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Lenca Women of Honduras Use Grant to Help Their Communities Thrive

Hundreds of women farmers have improved their yields, as well as their family diets.

In the Intibucá department of Honduras, more than a quarter of residents currently face crisis levels of food insecurity, according to the Integrated Food Security Phase Classification. But a grassroots association of indigenous women farmers there are working to reduce hunger and malnutrition, improving life for themselves, their families and their communities.

Photo of two women in a farming area, holding a basket of harvested crops

Maria Pascuala Garcia Gutierrez (left) has served as AMIR president and is current president of the Siguatas Lencas processing plant established by AMIR. Her daughter, Dunia Isabel Dominguez Garcia (right), is part of the AMIR youth network. She is currently working at the processing plant, an opportunity that will allow her to continue her studies at the university level.

Through a grant from the Inter-American Foundation (IAF), a Feed the Future partner, the Lenca women of the Asociación de Mujeres Intibucanas Renovadas (AMIR) have improved agricultural production and farmer incomes in their area, resulting in better food security and less malnutrition.

Honduras faces high levels of food insecurity, which affects about 25 percent of its population, including indigenous communities like the Lenca. Poverty, natural disasters, limited access to resources and other challenges contribute to food insecurity for an estimated 2.3 million Hondurans.

AMIR consists of 650 Lenca women operating 36 grassroots groups in the municipalities of Intibucá and San Francisco de Opalaca. These women farmers grow potatoes, corn, beans, vegetables and fruit. AMIR trains its members on sustainable farming methods to enrich the soil and improve farm yields. They also support farmers and producers in processing crops and marketing items to sell locally.

Although Lenca women are responsible for nearly half of Intibuca’s agricultural production, their income levels are among the lowest in the region, according to Mary DeLorey, an IAF representative. DeLorey noted that these women are often single mothers and heads of household, most having only a sixth-grade education. Limited farm production, unemployment, low government support, and limited access to credit or markets have kept Lenca women and their families in extreme poverty. The Lenca have historically had limited economic opportunities due to land displacement and discrimination, Lenca women even more so because of gender bias.

“One of the biggest macroeconomic challenges facing the Latin America and the Caribbean region is low productivity, and that can partially be attributed to the limited economic inclusion of women, indigenous people and other marginalized populations. That’s why the IAF strategically targets funding to community organizations led by marginalized populations like the indigenous women farmers of AMIR … associations of indigenous women agricultural producers are uncommon, and we wanted to support their development,” said DeLorey.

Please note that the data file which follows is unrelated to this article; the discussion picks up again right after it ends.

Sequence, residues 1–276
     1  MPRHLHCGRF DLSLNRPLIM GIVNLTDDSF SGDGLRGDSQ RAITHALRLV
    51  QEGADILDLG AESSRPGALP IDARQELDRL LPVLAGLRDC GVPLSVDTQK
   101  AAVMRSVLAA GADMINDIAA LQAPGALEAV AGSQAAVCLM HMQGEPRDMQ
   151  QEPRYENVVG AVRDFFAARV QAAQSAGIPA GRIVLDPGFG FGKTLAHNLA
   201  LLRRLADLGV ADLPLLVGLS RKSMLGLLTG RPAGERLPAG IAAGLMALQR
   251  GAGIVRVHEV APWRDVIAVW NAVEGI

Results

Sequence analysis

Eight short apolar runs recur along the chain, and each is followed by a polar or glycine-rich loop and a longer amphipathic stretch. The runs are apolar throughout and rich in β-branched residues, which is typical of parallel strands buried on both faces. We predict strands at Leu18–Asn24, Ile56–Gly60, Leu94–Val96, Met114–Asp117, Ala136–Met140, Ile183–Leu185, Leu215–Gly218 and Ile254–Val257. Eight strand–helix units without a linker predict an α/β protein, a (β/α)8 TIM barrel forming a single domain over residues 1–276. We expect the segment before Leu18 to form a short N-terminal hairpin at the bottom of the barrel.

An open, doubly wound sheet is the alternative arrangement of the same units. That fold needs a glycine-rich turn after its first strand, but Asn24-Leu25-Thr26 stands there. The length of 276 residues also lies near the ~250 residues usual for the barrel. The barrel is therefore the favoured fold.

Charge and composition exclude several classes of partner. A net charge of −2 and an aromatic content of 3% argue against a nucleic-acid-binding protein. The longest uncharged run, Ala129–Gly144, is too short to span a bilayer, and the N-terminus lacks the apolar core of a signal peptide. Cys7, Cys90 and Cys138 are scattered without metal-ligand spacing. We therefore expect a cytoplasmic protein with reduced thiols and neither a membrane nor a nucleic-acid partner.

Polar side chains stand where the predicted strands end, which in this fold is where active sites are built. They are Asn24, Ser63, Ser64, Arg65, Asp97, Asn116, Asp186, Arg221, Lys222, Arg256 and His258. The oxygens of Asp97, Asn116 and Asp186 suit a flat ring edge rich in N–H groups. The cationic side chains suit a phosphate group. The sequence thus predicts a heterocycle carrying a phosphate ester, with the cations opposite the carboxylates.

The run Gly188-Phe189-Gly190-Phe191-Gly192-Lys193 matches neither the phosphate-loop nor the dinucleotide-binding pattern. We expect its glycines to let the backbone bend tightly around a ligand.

AMIR member Maria Avelina Sanchez said the IAF grant has helped them overcome their biggest challenges to increasing productivity. “We [now] work with an investment plan and implement techniques to improve soils, crops and yields. We diversify crops, have access to food in critical times through the reserve of basic grains, we have solar dryers [and] geomembrane reservoirs that allow us to improve the quality and quantity of production.”

The grant also allowed AMIR to create a savings and credit fund with minimum requirements for all members, to assist them with farming costs.

Overall, about 6,400 people in the area have benefitted from the IAF grant. Around 518 farmers improved their yields through sustainable production techniques and use of the grain dryers. AMIR also helped members increase their incomes by providing seed capital to 68 small agricultural enterprises including poultry production, grain reserves, Lenca handicrafts and small general stores. More than 850 participants have improved their diets by consuming a more diverse range of vegetables from 100 kitchen gardens, increasing their access to meat and dairy products and better understanding nutrition to create healthier meals.

IAF support helped AMIR improve its plant used to process beans, strawberries, blackberries, peaches, potatoes and guava, and produce items such as jams to sell at local markets. AMIR was able to remodel the plant to include silos and cold storage for perishable foods along with a generator. Structural upgrades were made to channel rainwater away from the plant to avoid flooding.

From the beginning of its IAF grant in 2015 to just prior to the COVID-19 pandemic, AMIR expanded the volume of sales from its plant by more than 1,000 percent to $41,000 annually, doubling the volume of production for several products each year. Production halted during the pandemic but has rebounded and now exceeds 2019 levels.

In addition, AMIR purchased a collective plot worked by 100 members, to expand production to meet the processing plant’s capacity. The current grant ends in September 2024, but IAF is working with AMIR to continue future sustainability after the grant ends, according to DeLorey.

Photo of two Honduran women standing by a shelf of jam and wine containers

AMIR’s processing plant was upgraded to expand capacity for production of fruit jams and wines to sell, increasing income for members like Maricela Garcia Dominguez (left) and Yeimy Johana Dominguez (right).

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